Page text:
Continual sampling of the tumour architecture, including the phenotypic and genotypic variants present in an individual, will continue to become more important in cancer management. This would allow the modification of the personalised medications used throughout the clinical course of the disease as it evolves. Small quantities of cancer DNA can often work their way into the blood stream, with a relatively new technique described as a liquid biopsy catalysing off this [20]. The technique involves examining the DNA of circulating tumour cells (ctDNA) in order to determine the presence of heterogenous clones and their genomic profiles. This procedure is relatively non-invasive compared to current solid tumour analysis techniques, involving only taking a single blood sample for processing. The use of this technique would be particularly valuable over the course of a patients treatment, in order to assess the developing mutation prolife of drug resistant clones [6, 20]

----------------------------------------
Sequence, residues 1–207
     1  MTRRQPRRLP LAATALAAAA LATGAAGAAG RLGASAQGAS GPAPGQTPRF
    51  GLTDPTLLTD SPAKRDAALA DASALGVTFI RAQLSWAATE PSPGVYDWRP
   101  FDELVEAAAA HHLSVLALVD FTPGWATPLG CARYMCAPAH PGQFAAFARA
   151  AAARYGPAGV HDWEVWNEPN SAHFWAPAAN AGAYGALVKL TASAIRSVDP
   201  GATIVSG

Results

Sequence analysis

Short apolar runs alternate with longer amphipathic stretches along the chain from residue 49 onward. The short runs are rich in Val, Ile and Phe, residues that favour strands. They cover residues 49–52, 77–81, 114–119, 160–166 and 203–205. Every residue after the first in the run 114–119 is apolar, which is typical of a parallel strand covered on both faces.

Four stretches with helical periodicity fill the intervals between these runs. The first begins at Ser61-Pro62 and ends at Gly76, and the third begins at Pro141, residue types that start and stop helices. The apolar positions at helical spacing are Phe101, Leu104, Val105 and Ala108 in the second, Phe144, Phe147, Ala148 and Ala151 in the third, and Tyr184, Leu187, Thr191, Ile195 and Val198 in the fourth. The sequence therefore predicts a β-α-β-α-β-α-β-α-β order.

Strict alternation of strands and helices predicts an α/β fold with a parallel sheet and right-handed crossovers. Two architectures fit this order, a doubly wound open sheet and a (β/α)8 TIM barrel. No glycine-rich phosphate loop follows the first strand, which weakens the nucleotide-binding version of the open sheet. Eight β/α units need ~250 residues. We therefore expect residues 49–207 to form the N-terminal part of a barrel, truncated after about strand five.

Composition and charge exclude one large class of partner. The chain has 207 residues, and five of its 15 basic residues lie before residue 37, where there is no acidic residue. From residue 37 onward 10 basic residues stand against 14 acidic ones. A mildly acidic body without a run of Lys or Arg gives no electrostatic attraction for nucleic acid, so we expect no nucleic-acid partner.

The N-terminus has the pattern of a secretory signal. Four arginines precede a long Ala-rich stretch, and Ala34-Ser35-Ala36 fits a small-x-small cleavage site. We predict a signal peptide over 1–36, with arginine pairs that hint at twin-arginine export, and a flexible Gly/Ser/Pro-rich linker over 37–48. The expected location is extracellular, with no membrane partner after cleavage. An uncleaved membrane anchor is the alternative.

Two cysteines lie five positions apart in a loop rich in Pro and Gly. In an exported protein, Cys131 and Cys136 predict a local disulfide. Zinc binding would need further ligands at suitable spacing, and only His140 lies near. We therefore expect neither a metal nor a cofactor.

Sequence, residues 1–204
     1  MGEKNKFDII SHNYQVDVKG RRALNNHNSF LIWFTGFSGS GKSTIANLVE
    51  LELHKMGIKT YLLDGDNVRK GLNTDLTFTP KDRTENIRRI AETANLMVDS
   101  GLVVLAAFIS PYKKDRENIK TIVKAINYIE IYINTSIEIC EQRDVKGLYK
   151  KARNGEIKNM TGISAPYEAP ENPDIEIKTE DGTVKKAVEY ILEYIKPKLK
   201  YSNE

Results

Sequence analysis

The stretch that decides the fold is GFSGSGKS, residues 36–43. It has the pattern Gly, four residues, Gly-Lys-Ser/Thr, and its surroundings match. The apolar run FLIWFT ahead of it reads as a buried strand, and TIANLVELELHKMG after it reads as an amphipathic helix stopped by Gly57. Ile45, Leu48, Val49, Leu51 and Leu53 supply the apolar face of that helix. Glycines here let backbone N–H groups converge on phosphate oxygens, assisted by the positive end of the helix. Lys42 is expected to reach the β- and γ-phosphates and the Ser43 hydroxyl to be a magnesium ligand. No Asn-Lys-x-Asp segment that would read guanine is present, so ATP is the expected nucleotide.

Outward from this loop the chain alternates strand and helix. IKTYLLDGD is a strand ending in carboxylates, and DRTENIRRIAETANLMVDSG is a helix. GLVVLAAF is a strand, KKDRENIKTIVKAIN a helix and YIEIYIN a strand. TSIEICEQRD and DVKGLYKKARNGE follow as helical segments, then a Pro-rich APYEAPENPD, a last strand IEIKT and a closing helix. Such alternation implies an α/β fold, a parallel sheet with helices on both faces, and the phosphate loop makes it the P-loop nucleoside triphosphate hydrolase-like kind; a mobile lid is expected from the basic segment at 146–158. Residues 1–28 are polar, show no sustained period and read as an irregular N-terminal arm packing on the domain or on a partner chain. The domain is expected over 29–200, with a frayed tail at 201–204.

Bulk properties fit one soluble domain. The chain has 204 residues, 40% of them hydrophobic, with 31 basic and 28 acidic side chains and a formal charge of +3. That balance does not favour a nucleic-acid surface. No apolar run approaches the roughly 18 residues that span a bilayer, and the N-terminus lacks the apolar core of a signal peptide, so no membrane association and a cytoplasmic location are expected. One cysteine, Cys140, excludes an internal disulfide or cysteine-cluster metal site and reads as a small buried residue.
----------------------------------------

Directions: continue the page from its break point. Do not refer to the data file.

The use of a combination of therapeutic agents is another possible technique identified to overcome the challenge of the development of heterogenous drug resistant clones [4, 21].

Hypothesising or predicting the transformation of tumour cells in response to a treatment would be invaluable in treatment, as it would translate to a clinical advantage in that an additional drug regime can be initiated in order to combat a possible clone from becoming established. This technique has been validated in multiple studies, such as one involving the development of Cetuximab resistance in colorectal tumours. This resistance was found to be due to the presence of a novel mutation in the EGFR gene which conferred resistance to the treatment, with this protein being a main driver in tumour progression in colorectal cancer [22]. This resistance however was combated by the use of an additional drug called Sym004 which acts as a monoclonal antibody against EGFR [23], which the clone was sensitive to, resulting in tumour size reduction.